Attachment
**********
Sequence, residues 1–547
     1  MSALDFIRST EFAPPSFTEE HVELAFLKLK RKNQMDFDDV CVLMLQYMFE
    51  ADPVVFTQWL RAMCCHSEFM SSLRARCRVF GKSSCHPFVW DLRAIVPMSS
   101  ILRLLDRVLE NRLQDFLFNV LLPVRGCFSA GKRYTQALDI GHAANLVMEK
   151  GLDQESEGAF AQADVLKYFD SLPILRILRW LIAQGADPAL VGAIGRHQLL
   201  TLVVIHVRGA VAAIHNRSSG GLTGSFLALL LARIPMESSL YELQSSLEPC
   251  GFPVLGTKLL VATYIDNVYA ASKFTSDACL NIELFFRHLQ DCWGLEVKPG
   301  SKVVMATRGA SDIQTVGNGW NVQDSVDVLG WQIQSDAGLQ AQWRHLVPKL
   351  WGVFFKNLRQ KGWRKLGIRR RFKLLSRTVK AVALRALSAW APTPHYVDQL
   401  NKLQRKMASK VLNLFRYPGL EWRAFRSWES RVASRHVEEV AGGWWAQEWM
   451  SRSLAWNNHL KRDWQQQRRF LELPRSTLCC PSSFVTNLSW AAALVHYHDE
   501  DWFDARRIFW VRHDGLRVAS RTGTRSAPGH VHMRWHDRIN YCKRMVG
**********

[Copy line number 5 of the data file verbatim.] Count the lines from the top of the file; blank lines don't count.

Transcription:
   151  GLDQESEGAF AQADVLKYFD SLPILRILRW LIAQGADPAL VGAIGRHQLL